Pressure Profiling Techniques for Spring Levers

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dominico
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Postby dominico » Feb 10, 2016, 2:50 am

The classic "lever profile" is well recognized as a desirable profile for a wide range of coffees and is loosely defined as:
  1. a low pressure preinfusion for some amount of time
  2. a ramp to 9 bar pressure (or somewhere close)
  3. a slowly consistently declining pressure throughout the rest of the shot.

Beyond this all the specifics are pretty much variable according to the machine's operating mechanisms and the barista's preferred techniques.

I'll lay out some aspects for discussion about pressure profiling in general and then describe some techniques I have been using / experimenting with to play around with different profiles. I am not claiming anything here is undeniable truth, this article is what I have gathered as a combination of things I have read, artisanal data (read: anecdotal evidence), and my own experiments and observations.

Pressure profiling observable effects:
As already described in Pressure profiling, flow profiling, and a new rule of thirds a fast pressure ramp will slow down the flow during extraction, a slow pressure ramp will cause the extraction to flow faster. This is easily observable with any machine that allows control of the initial pressure ramp, such as levers. Essentially performing a slow pressure ramp allows you to grind finer.
Pressure and flow are related: Increase the pressure and you will see an increase in flow. Drop the pressure and you will see a decrease in flow, or at least a decrease in the acceleration of the flow.

Pressure Profiling Proposed Effects (by machine manufacturers at least)
These proposed effects come from two main sources: the Slayer Instruction Manual and a paper I have called Variable Pressure Infusion Modification Results: Joint project between Mark Barnett, Synesso, and Herkimer Coffee. The Slayer effects are detailed here assuming a relationship between flow and pressure within the brew chamber, so take that as you may.
Long, soft pressure preinfusion: proposed by Slayer to increase sweetness. Synesso claims a soft preinfusion for about 4 seconds before moving to a mid range preinfusion creates the best acidity balance, but having a soft preinfusion for too long lends to an ashy taste due to more phenol extraction.
Declining pressure through the extraction: proposed by Slayer to mute acidity. Observed elsewhere to minimize bitterness as well. I find it counter-intuitive that the same declining pressure profile would both mute unwanted acidity and unwanted bitterness, but I have noted that it certainly serves to improve the flavor of the shot.
One-second initial pressure spike before dropping back down to soft preinfusion: Proposed by Slayer to enhance acidity.
Slow ramp preinfusion combined with pressure decline during extraction: Proposed by Synesso to provide the best increased texture / body and best balance between sweetness and clarity. However too slow of a ramp, according to Synesso, makes a shot where the sweetness overpowers everything else and clarity suffers.

Techniques for lever pressure profiling:
Lever preinfusion is rather flexible in that you can preinfuse as short or long as you want. You can also choose whether or not to quickly ramp to full pressure or to slowly ramp to full pressure, and then how slowly this ramp occurs.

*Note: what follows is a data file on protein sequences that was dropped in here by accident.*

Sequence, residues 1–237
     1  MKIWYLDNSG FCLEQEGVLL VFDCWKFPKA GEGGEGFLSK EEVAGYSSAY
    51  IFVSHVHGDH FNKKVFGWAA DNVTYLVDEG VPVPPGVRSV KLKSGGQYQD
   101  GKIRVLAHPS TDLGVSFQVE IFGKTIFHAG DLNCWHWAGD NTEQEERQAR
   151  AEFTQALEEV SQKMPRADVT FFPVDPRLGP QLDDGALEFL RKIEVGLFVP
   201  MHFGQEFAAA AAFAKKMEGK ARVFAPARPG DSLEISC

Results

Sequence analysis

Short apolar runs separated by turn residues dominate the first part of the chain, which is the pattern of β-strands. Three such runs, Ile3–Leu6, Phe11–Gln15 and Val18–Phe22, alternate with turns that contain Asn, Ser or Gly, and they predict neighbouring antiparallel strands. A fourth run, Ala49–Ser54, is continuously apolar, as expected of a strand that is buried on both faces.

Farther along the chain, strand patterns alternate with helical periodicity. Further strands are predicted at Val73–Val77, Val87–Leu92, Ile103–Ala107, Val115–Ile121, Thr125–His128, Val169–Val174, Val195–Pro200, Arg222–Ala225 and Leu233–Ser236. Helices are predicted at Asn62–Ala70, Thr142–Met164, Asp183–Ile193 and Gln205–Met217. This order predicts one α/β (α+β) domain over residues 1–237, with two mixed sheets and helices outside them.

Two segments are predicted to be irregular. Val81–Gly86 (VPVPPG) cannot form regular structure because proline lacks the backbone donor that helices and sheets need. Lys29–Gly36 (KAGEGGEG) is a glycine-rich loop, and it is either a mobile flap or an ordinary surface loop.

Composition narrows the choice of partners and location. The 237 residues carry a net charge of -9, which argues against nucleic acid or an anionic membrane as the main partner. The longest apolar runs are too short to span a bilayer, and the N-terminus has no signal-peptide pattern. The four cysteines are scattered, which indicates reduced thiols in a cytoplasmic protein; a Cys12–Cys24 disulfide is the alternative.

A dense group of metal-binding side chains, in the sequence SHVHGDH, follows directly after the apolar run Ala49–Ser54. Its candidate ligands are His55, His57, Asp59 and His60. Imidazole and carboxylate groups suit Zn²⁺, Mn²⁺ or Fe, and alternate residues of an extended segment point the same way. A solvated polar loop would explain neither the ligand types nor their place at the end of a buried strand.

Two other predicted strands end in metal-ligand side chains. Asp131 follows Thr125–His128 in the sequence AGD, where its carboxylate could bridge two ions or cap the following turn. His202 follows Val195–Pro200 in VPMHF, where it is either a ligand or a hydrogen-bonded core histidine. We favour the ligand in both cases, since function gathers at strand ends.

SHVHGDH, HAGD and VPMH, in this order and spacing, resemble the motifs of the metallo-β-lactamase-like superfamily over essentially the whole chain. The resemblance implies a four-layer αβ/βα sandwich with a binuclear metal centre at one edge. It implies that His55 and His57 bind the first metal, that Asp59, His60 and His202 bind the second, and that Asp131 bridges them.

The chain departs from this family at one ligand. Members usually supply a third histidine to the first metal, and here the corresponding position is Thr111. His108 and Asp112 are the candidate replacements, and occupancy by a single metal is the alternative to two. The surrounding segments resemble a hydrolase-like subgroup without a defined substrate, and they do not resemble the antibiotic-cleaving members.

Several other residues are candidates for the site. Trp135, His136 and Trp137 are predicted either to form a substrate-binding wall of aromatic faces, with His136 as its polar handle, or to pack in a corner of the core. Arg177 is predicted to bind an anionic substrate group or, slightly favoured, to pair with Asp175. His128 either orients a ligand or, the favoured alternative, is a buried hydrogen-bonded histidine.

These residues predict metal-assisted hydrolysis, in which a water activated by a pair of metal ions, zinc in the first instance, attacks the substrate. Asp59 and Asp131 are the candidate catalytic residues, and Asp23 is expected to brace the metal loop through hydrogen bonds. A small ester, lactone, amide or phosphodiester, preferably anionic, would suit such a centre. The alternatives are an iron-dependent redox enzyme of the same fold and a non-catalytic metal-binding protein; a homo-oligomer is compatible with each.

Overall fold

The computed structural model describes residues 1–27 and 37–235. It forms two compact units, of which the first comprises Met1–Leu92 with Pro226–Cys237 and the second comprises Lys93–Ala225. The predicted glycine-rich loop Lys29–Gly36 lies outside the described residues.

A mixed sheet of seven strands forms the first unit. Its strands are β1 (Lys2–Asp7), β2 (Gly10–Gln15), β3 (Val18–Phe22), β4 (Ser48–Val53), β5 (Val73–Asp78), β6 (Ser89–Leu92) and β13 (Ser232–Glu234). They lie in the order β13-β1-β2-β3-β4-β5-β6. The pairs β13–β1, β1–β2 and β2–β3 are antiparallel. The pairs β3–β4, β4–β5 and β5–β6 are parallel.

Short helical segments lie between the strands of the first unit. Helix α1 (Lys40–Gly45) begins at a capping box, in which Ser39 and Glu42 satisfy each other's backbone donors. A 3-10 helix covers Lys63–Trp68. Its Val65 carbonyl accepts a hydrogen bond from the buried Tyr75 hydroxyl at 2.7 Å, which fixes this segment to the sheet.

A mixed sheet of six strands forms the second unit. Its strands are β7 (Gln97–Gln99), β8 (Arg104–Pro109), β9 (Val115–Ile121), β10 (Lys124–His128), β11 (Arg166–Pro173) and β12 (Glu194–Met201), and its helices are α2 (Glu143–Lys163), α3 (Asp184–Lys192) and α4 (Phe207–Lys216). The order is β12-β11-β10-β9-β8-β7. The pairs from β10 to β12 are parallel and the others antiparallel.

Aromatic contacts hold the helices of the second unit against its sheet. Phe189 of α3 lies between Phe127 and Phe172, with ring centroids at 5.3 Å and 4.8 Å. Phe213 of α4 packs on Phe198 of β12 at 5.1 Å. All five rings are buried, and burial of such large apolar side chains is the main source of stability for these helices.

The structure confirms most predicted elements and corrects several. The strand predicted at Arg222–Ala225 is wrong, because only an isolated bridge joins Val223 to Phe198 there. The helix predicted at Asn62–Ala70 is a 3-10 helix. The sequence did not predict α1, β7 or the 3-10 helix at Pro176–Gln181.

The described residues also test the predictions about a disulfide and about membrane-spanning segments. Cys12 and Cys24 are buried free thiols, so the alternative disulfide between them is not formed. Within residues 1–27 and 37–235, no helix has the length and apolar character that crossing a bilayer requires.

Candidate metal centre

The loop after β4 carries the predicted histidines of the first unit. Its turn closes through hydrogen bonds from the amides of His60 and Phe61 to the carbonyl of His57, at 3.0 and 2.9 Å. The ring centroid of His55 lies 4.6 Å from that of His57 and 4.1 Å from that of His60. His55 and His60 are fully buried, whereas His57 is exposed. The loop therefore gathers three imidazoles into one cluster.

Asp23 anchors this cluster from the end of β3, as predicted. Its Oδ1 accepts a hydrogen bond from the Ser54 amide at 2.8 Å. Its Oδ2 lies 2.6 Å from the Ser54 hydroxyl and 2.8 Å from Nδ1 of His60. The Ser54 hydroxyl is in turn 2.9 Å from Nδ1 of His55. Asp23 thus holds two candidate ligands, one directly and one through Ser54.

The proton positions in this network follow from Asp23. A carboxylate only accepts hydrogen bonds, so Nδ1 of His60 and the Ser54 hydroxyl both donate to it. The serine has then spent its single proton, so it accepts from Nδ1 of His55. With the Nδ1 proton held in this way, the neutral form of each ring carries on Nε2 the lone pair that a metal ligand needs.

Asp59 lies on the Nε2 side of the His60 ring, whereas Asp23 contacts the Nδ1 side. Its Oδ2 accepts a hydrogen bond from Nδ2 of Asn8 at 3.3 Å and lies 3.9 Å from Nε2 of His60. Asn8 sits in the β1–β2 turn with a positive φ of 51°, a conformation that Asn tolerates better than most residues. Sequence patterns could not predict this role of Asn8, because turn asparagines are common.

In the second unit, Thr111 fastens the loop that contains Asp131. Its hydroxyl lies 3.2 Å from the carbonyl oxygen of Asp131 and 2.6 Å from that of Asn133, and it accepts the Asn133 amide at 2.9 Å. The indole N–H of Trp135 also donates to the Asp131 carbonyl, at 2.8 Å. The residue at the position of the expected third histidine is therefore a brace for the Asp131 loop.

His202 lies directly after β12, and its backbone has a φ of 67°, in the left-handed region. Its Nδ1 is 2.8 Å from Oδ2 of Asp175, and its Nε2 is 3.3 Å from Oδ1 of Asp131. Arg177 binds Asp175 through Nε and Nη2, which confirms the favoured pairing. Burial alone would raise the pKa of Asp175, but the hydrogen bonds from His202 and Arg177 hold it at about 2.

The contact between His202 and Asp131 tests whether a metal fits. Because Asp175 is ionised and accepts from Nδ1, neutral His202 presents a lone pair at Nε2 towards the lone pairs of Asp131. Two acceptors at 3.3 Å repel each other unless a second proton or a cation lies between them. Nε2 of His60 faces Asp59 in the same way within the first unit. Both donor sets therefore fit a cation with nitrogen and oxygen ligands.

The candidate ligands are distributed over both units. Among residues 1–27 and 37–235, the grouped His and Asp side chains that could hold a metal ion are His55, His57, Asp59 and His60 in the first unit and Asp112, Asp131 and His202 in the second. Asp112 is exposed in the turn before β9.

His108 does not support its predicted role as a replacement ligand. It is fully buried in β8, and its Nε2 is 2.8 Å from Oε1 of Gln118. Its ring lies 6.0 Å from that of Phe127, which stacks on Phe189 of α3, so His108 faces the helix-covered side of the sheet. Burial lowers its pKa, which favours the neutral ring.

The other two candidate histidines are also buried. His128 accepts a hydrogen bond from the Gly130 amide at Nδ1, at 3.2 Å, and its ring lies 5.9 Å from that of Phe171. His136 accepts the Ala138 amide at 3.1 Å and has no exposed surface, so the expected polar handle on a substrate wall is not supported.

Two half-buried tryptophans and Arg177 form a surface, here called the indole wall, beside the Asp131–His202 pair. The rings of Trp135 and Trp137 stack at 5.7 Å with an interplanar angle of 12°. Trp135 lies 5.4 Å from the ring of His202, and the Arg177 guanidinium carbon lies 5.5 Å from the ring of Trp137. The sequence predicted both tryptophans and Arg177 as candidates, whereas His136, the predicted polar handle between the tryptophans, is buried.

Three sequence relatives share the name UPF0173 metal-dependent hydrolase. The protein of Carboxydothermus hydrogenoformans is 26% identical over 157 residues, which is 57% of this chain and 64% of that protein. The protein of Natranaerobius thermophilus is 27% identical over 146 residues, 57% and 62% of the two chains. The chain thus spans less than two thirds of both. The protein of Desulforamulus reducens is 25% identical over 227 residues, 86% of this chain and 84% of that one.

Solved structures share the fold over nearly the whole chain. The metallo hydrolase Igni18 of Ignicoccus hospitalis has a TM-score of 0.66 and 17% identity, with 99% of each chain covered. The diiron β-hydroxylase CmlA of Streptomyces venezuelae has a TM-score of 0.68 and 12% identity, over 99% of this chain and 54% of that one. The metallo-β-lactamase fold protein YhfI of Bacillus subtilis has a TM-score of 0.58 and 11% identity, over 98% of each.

Preinfusion:
Standard Preinfusion: Pull the lever down and preinfuse for the desired time. My personal experience is that darker coffees desire a shorter preinfusion and lighter coffees desire a longer one. I have noted though that too long of a preinfusion though can cause coffee to lose some distinctiveness. Depending on your setup you may have control over this phase. Does your group feed from boiler pressure? Does it feed from line pressure? What sort of control do you have over that? These variables might be worth playing with.
Slow ramp vs fast ramp: How quickly do you lift the lever back up? This determines the speed of the pressure ramp. A quick lift with cause a quick pressure ramp, a slow controlled lift of the lever will cause a slower pressure ramp. Observe how this affects the coffee under the same grind and dose.
Poor man's 2 stage preinfusion: The Synesso Hydra is known for its "2 stage preinfusion" concept, where there is a low pressure stage 1 preinfusion followed by a mid pressure stage 2 preinfusion before going to full pressure. This can technically be done on a lever as well. While lifting the lever stop at some point before it catches and hold it there for a few seconds. What you are really doing is another preinfusion at a pressure that is higher than your machine's standard preinfusion but lower than the full pressure of the spring. This has the very noticeable affect of increasing the body of the shot, especially for coffees with a notoriously weaker body. I have noted that for some coffees this increases the sweetness of the coffee as well. The disadvantage here is that unless you have a portafilter pressure gauge that works with a lever (i.e. needle valve to simulate water flow) you are kind of flying blind as to what this pressure really is. The advantage here however is that it is relatively repeatable. It is not difficult to hold the lever at the same angle once you find an angle that works well for the "stage 2" preinfusion.


During the shot:
Pull back: While the lever normally has a gradually declining pressure profile during extraction due to the spring, you can reduce the pressure through the shot by pulling back on the lever. This will slow down the shot if it is flowing too fast or if you want to increase the time of the extraction.